Why Ambulatory Veterinary Medicine Is Here To Stay

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By Nicole LaForest, BSc., LVT, RVT, CCFT, WSAVT President


Across the US, there are a small, but thriving number of us veterinary professionals that offer ambulatory services and ambulatory veterinary medicine.

What is an ambulatory practice you may wonder?

Nicole LaForest ambulatory service for petsWell, it’s a type of service that works in conjunction with your local veterinary hospital to provide in-house specialty services, verses referring to a specialty center.

Ambulatory services may include cardiology, neurology, dentistry, surgery, imaging; such as ultrasonography and more. Ambulatory providers do not only include Veterinarians, but credentialed technicians and assistants, as well.


How does ambulatory medicine differ from mobile services?

It really can be as simple as verbiage, or it can be dependent on state law. Oftentimes mobile veterinary practices/providers are legally considered to have a facility on wheels that they treat and heal patients out of. This can include a van, bus, RV or other likewise converted vehicle. Before ‘branding’ yourself or a vagabond provider, check with your territory or state laws before doing so.


Why is providing an ambulatory service important?

Nicole LaForest ambulatory service for petsLet’s save the argument for advocating for higher wages for Veterinarians and paraprofessionals for another time. I’m there right with you. The rising costs of pet care often deters pet owners away from seeking out essential and emergent care to them since there are still many clients who do not utilize pet insurance. Why pay $6,000 for a knee surgery when you can euthanize your pet and get a new one all for a fraction of the cost, right? Providing the appropriate service in the pet’s regular veterinary environment where not only the client, but patient is comfortable, will often come with a lower price tag and a higher sense of peace of mind. Because ambulatory providers do not carry a large overhead of having their own practice to manage; we are often able to beat stand-alone specialty centers by upwards of 20-40%. The price is not reflective on the standard of care, but the fairness to which we practice medicine to all parties involved; a great price for an excellent service. We may not have a waterfall in the lobby or an espresso bar to pay for, but our medicine rivals those who drive to the same building every day to practice medicine. Now, pet owners can rest easy knowing their pet is being cared for by the team they know the best, all while in conjunction with a traveling specialty service.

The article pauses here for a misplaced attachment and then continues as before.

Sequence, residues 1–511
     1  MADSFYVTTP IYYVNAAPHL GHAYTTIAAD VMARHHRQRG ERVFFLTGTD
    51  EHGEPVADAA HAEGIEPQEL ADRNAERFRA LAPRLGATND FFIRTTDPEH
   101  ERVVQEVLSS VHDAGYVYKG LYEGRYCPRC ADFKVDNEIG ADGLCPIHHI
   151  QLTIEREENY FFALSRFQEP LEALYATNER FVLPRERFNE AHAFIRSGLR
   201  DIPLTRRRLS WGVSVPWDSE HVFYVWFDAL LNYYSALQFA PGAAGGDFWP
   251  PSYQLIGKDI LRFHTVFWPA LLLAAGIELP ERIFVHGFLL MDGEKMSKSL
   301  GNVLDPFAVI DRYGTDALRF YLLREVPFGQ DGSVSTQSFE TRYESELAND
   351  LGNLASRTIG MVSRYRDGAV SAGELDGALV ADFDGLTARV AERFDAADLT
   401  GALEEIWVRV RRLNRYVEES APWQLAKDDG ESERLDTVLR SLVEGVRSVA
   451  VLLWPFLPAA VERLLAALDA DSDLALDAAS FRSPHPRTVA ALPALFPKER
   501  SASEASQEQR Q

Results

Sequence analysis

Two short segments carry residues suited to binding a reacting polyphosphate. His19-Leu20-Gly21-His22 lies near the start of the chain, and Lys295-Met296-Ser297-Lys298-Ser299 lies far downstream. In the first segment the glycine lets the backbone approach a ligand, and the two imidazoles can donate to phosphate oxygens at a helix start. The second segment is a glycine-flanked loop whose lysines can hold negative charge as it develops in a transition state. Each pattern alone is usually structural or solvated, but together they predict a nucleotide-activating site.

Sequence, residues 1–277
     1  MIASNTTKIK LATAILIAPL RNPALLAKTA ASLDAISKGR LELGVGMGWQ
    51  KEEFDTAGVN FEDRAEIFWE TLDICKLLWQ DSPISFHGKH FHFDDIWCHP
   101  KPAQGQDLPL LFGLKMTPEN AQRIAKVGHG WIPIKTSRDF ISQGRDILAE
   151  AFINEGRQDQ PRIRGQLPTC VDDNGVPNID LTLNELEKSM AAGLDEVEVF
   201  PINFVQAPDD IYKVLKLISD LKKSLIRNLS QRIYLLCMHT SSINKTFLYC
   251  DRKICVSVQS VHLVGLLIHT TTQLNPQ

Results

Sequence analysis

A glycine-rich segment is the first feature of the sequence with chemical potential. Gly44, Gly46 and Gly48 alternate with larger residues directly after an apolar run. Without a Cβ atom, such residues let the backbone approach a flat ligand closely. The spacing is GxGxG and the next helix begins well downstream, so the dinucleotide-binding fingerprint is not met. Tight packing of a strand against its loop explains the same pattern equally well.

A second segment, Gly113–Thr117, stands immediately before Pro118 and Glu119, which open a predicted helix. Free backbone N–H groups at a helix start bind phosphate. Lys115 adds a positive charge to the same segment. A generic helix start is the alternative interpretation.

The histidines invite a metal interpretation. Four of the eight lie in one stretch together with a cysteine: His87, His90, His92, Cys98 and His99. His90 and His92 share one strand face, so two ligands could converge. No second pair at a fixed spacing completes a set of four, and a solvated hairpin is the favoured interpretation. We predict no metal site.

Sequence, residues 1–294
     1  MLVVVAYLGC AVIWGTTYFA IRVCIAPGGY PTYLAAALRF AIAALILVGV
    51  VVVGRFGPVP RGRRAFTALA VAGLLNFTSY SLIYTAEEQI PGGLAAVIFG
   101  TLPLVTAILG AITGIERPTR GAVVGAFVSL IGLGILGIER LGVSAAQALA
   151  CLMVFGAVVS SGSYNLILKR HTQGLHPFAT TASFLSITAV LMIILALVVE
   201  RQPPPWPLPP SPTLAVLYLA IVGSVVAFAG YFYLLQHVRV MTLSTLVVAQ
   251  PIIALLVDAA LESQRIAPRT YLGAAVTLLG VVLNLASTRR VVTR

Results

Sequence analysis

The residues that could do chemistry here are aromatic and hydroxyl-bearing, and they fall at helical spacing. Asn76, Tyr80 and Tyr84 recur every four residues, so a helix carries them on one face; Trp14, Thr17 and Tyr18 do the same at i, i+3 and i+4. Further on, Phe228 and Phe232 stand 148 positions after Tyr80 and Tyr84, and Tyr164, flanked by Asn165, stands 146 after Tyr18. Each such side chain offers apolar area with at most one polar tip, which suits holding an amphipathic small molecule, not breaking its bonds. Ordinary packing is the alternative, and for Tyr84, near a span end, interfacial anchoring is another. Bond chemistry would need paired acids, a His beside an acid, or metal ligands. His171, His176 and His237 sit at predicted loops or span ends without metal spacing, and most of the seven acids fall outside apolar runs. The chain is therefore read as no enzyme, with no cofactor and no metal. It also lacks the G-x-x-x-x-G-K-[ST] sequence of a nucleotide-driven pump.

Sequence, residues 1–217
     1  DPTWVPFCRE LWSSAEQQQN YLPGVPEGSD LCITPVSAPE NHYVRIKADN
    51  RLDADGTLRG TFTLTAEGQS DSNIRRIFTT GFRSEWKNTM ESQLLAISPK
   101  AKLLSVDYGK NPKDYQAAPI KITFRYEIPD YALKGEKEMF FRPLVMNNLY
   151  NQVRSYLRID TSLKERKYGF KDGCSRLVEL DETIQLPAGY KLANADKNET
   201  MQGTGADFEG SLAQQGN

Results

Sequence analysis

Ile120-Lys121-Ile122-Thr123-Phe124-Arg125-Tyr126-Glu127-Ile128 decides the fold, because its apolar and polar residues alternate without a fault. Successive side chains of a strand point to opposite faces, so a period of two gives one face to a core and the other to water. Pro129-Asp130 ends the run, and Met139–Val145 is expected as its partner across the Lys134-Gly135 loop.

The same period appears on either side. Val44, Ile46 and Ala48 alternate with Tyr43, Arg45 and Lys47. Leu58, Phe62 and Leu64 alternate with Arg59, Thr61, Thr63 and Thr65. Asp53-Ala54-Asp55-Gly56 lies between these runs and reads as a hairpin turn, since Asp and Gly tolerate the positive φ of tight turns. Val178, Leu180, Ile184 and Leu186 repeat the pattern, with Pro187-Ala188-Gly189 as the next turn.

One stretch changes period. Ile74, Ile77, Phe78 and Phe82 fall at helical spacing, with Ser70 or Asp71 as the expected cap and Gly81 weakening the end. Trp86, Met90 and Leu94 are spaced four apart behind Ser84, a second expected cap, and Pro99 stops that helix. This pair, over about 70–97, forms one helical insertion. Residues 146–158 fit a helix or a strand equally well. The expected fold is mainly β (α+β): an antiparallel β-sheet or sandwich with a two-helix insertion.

Why should your practice have ambulatory providers?

 Being able to stay in the loop with your patient’s care should be top on your list. No longer will you have to play phone tag with the other facility to get an update from their staff or records. In accordance with state laws, the original records may not leave the premise of where the service was provided, another way being mobile differs from ambulatory. Another plus is that you get to supplement you; the hosting practice, with interesting cases and additional revenue. Instead of referring your patient to a specialty center for a pricey TPLO, save your client some money and open your doors to an ambulatory provider that can offer the same care for much, much less. Most invoices are split 50/50 between the hosting facility and the ambulatory provider. Not too shabby for loaning your operating room to another provider for an hour or so, right? Meaning your practices revenue, and potentially commission; increases! Dare to break the daily mold by bringing in outsiders to provide care at your facility. You never know what you may learn from one another.